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  6.  7
    Ian H. Angus (1979). Toward a Phenomenology of Rational Action. Man and World 12 (3):298-321.
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  7.  14
    Ian Angus (2004). In Praise of Fire. New Yearbook for Phenomenology and Phenomenological Philosophy 4:21-52.
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  8.  21
    Winthrop Pickard Bell & Ian Angus (2012). The Idea of a Nation. Symposium 16 (2):34-46.
    Winthrop Pickard Bell (1884–1965), a Canadian who studied with Husserl in Göttingen from 1911 to 1914, was arrested after the outbreak of World War I and interred at Ruhleben Prison Camp for the duration of the war. In 1915 or 1916 he presented a lecture titled “Canadian Problems and Possibilities” to other internees at the prison camp. This is the first time Bell’s lecture has appeared in print. Even though the lecture was given to a general audience and thusmakes no (...)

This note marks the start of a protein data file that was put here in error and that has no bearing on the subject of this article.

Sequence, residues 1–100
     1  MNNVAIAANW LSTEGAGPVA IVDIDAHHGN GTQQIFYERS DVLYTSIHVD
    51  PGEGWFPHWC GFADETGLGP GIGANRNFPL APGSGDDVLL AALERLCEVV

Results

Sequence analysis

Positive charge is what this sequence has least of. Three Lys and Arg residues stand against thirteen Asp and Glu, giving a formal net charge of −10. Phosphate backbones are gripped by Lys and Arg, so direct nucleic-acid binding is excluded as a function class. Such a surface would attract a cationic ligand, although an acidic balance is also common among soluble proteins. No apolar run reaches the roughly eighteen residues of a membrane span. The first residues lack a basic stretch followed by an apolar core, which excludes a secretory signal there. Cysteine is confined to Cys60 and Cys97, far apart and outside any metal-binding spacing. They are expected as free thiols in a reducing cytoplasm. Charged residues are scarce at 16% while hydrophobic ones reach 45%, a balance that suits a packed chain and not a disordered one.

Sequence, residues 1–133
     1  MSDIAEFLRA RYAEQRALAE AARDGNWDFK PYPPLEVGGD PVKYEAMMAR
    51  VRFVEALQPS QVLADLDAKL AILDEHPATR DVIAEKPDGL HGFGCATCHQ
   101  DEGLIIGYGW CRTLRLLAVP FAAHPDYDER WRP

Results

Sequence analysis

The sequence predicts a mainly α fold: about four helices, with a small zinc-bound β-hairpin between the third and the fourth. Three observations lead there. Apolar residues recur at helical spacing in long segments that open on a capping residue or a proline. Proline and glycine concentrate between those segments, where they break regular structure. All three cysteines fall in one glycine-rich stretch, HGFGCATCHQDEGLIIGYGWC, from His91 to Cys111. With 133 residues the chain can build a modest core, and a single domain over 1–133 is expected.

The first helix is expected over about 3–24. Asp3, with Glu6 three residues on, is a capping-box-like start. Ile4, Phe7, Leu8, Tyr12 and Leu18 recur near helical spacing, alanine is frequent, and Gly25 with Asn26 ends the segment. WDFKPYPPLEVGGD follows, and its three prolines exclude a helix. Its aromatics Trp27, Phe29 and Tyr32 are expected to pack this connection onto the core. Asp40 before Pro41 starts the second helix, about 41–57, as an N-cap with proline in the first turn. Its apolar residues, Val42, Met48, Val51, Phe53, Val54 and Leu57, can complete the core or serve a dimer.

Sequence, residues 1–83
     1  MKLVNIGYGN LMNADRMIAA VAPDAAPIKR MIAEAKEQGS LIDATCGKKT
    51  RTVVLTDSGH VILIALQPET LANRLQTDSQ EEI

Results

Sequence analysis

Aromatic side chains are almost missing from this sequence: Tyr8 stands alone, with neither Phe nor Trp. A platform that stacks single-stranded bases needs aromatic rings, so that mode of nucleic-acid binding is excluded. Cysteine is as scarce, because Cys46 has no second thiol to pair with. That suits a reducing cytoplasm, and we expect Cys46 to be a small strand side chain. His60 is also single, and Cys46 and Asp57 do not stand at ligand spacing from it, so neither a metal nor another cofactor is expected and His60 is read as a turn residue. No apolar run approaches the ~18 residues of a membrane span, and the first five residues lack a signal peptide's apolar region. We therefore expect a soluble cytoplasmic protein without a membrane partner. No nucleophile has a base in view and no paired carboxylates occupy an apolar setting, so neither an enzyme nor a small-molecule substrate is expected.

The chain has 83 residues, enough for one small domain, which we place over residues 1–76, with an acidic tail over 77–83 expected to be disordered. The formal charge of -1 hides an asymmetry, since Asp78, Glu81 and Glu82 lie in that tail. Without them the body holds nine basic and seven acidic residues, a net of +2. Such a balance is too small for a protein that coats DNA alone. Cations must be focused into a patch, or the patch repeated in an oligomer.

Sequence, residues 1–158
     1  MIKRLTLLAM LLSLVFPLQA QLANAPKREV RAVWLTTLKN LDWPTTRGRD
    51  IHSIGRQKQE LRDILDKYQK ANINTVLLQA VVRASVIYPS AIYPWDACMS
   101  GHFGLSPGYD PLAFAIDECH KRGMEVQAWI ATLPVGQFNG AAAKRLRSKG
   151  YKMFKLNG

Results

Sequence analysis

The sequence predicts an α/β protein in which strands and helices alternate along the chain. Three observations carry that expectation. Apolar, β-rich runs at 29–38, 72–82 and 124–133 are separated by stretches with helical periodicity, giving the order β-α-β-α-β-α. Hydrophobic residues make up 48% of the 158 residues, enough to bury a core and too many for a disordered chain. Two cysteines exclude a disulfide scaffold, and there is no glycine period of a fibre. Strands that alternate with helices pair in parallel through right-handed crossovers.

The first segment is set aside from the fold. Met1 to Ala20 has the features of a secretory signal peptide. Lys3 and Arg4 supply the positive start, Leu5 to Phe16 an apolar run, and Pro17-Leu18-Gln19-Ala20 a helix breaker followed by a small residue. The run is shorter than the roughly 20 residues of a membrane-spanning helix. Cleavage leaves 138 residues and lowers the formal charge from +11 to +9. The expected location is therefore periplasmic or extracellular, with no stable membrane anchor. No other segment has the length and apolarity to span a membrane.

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  9. Ian H. Angus (1984). Technique and Enlightenment: Limits of Instrumental Reason. University Press of America.
     
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  10.  13
    Ian Angus (2011). A Conversation with Leslie Armour. Symposium: The Canadian Journal of Continental Philosophy 15 (1):72-93.
    Leslie Armour is the author of numerous books and essays on epistemology, metaphysics, logic, Canadian philosophy and Blaise Pascal, as well as on ethics, social and political philosophy, the history of philosophy (especially seventeenth-century philosophy) and social economics. A fellow of the Royal Society of Canada, he has worked as a reporter for The Vancouver Province, briefly as a sub-editor at Reuters News Agency, and for several years as a columnist and feature writer for London Express News and Feature (...)